- Report from the Poverty Reduction Summit
Our Executive Director, Rupert Downing is attending the Poverty Reduction Summit in Ottawa with over 300 people from community groups, municipalities, business and government agencies across Canada. Here is his report on the opening day.
Paul Born of Tamarack Institute opened our three day learning event and was joined by Alan Broadbent who called “poverty our national shame”. He reminded us that poverty is socially constructed, and it can be deconstructed. He called on cities to take on a leadership role in action on poverty, in advocacy to other levels of government to stop the growing social deficit, and in their own actions to invest in affordable housing, transit, living wage employment and procurement policies.
Stephen Huddart of the McConnell Family Foundation called for an emphasis on a “solutions economy” one that suborned profits to social and human well being, and a new public policy emphasis on “social productivity”.
Ontario’s Deputy Premier, and Minister responsible for poverty reduction, (Hon. Deb Matthews) announced their $50 m poverty reduction fund that will invest in community action over the next 6 years.
The recently elected Mayor of the City of Edmonton, Don Iveson, talked about the power of citizen led change, reflecting on the Alberta election result. The Poverty Elimination Plan in Edmonton grew out of the Homelessness Reduction Plan, and involved building a big tent for engagement of all sectors and parts of the community. He spoke to the economic imperative of reducing poverty, it is the best means of making public services affordable and sustainable e.g. the costs of poverty in health care, policing and incarceration. Policing is the highest municipal cost in Edmonton. Business also supports the plan because the more participation in employment, and the better incomes people have, the more local people have money to buy local goods and services. They don’t want people in distress on the streets. The Return on Investment on poverty reduction is long term (“generational”) but worth it. Mayor Iveson also talked passionately about the relationship between trauma and poverty. The Truth and Reconciliation Commission work in Edmonton on healing wounds of Aboriginal and First Nations people has been critical and this will be a continued priority of the City going forward. The Mayor was greeted with a standing ovation.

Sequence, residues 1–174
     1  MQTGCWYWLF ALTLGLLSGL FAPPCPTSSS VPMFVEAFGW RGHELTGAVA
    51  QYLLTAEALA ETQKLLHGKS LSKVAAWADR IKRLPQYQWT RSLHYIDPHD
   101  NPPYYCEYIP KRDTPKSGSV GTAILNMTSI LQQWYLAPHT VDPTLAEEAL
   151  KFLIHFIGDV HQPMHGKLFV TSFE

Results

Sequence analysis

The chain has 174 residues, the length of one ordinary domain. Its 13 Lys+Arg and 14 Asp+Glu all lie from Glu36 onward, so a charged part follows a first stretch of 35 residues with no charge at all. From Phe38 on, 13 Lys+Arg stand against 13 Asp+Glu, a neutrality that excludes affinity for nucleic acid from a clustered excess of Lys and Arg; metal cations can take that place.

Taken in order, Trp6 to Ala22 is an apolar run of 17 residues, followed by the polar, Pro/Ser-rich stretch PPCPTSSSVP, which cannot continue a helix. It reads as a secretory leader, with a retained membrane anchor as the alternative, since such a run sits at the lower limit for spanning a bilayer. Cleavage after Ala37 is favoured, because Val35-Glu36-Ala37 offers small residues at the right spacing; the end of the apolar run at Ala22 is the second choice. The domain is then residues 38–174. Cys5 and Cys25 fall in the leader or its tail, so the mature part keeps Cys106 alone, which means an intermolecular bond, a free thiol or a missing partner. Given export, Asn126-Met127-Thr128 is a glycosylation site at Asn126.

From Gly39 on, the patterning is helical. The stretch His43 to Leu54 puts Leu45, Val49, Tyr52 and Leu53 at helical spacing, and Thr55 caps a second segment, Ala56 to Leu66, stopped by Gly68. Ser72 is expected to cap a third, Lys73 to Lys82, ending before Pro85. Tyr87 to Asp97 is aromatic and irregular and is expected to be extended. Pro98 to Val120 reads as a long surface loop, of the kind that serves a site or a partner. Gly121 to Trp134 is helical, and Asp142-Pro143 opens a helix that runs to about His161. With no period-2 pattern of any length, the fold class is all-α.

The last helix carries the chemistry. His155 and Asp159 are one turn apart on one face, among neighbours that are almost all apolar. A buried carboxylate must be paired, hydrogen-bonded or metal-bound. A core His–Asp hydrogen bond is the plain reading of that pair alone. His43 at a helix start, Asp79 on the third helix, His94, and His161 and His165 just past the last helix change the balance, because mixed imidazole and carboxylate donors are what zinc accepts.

We will post links to session videos when available.
Rupert Downing, Executive Director
Community Social Planning Council